Paget's disease of the breast
This information is about a condition called Paget’s disease of the breast. It’s best to read this with our general information about breast cancer and ductal carcinoma in situ (DCIS).
Paget's disease of the breast
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Paget’s disease of the breast is a condition that causes an eczema-like change to the skin of the nipple. Nine out of 10 women who have Paget’s disease (90%) will also have breast cancer. The underlying breast cancer may be ductal carcinoma in situ (DCIS) or an invasive breast cancer. In DCIS, the cancer cells are completely contained within the milk ducts. Invasive breast cancer starts in the ducts or lobes of the breast, and spreads into surrounding breast tissue.
Paget’s disease affects about one-two out of every 100 women with breast cancer (1-2%). It's most common in women aged 50 or over, but can occur at a younger age. It can affect men, but this is extremely rare.
Causes of Paget's disease
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The cause of Paget's disease is unknown. Some women seem to be at a higher risk of developing breast cancer. Factors that can increase risk include:
not having children, or having them after the age of 30
starting your periods early (under the age of 12) or having a late menopause (after the age of 50)
taking the contraceptive pill, although the risk reduces if you stop taking it
taking hormone replacement therapy (HRT)
having a strong family history of breast cancer.
Signs and symptoms of Paget's disease
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The first symptom of Paget's disease is usually a scaly, red rash affecting the nipple. The dark area of skin surrounding the nipple (the areola) may also be affected. The rash doesn't go away and may become sore.
The skin of the nipple and areola may be inflamed. There may also be crusting, bleeding and ulceration. Some women have an itching or burning sensation. Fluid (discharge) may leak from the abnormal area. The nipple may turn inwards (be inverted).
There may or may not be a lump in the breast. Around half of all women who have Paget’s disease (50%) have a breast lump that can be felt at the time the disease is diagnosed.
How Paget's disease is diagnosed
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Paget’s disease can be confused with other skin conditions such as eczema, dermatitis and psoriasis, because they can look very similar. This can make Paget’s disease difficult to diagnose on appearance alone.
Paget’s disease usually affects the nipple first and then the surrounding tissue. Other skin conditions usually affect the areola first, and then spread into the nipple.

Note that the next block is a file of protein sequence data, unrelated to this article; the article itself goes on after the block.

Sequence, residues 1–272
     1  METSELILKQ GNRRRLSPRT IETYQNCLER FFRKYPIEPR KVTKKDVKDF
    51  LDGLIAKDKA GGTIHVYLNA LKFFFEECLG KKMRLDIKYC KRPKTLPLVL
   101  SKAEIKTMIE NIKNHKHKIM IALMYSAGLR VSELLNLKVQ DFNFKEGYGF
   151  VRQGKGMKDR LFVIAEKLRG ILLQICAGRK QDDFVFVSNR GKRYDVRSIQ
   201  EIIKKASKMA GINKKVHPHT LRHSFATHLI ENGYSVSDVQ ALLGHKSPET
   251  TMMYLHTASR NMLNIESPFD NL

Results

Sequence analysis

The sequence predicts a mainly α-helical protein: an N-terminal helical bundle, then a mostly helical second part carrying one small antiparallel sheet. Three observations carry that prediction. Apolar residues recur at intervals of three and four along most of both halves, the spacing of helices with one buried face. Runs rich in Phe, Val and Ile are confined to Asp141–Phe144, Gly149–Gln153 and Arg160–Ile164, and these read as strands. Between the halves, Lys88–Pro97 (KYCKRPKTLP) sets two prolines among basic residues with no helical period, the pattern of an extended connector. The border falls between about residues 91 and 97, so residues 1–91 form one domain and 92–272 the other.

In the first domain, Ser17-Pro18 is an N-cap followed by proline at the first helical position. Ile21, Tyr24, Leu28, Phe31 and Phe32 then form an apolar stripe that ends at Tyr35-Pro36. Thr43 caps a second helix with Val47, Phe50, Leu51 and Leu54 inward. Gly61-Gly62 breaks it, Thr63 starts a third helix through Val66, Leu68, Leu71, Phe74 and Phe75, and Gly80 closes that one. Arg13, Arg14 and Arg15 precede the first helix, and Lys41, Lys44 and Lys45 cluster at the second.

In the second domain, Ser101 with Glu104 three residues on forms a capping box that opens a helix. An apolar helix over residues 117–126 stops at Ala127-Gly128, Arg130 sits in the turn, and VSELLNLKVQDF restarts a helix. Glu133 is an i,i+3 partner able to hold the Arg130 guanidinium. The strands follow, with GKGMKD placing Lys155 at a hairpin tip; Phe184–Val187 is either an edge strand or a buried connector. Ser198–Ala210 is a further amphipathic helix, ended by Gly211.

Mammogram (breast x-ray)
A mammogram is a low-dose x-ray of the breast. It may be used to look for changes in the affected breast and to check the other breast. The breast tissue needs to be squashed to keep the breast still and to get a clear picture. You may find this uncomfortable. For some women it’s painful for a short time.
A gel is spread on the breast and a small device that emits sound waves is rubbed over the area. A computer converts these sound waves into a picture of the breast tissue. Ultrasound scans are painless and take just a few minutes.
A biopsy is the main test for cancer cells below the skin surface. A local anaesthetic is given to numb the area. A small sample of skin and underlying breast tissue is then taken and sent to the laboratory to be examined under a microscope. The biopsy may be taken at the same time as an ultrasound to make sure that it's taken from the correct area.
Imprint or scrape cytology
Cells from the affected area can be scraped, or pressed, onto a glass slide, to be examined under a microscope.
Treatment for Paget's disease
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The main treatment for Paget’s disease is surgery. Other treatment depends on whether the underlying breast cancer is DCIS or an invasive cancer. Some people don't need any further treatment after surgery. Others may have a combination of treatments, including radiotherapy, hormonal therapy, chemotherapy or a targeted therapy.
The type of operation you have will depend on how much the breast is affected, the position of the cancer and your preference. Your surgeon and breast care nurse will explain more about the best type of operation for you.
This is an operation to remove all of the breast. It will be suggested if the cancer affects a wide area, or if there's DCIS in different parts of the breast. Some women may have a new breast shape formed (breast reconstruction) at the same time as the mastectomy. But this may not be suitable for everyone, and breast reconstruction can be done after treatment is finished.
Wide local excision (breast-conserving surgery)
Wide local excision is a smaller operation. The surgeon removes the affected breast tissue, along with some surrounding normal tissue and the nipple and areola. It’s usually possible if there's only a small area of cancer and the surgeon thinks the appearance of your breast will still be good and acceptable to you after surgery.
If you have an invasive cancer, your breast surgery will usually include removing some or all of the lymph nodes in your armpit.
Radiotherapy treats cancer by using high energy x-rays to destroy the cancer cells, while doing as little harm as possible to the healthy cells.
You will usually have radiotherapy to the remaining breast tissue after breast-conserving surgery. It’s given to reduce the risk of the cancer coming back in the breast. If the cancer is invasive, some women who have a mastectomy may be given radiotherapy to the chest afterwards.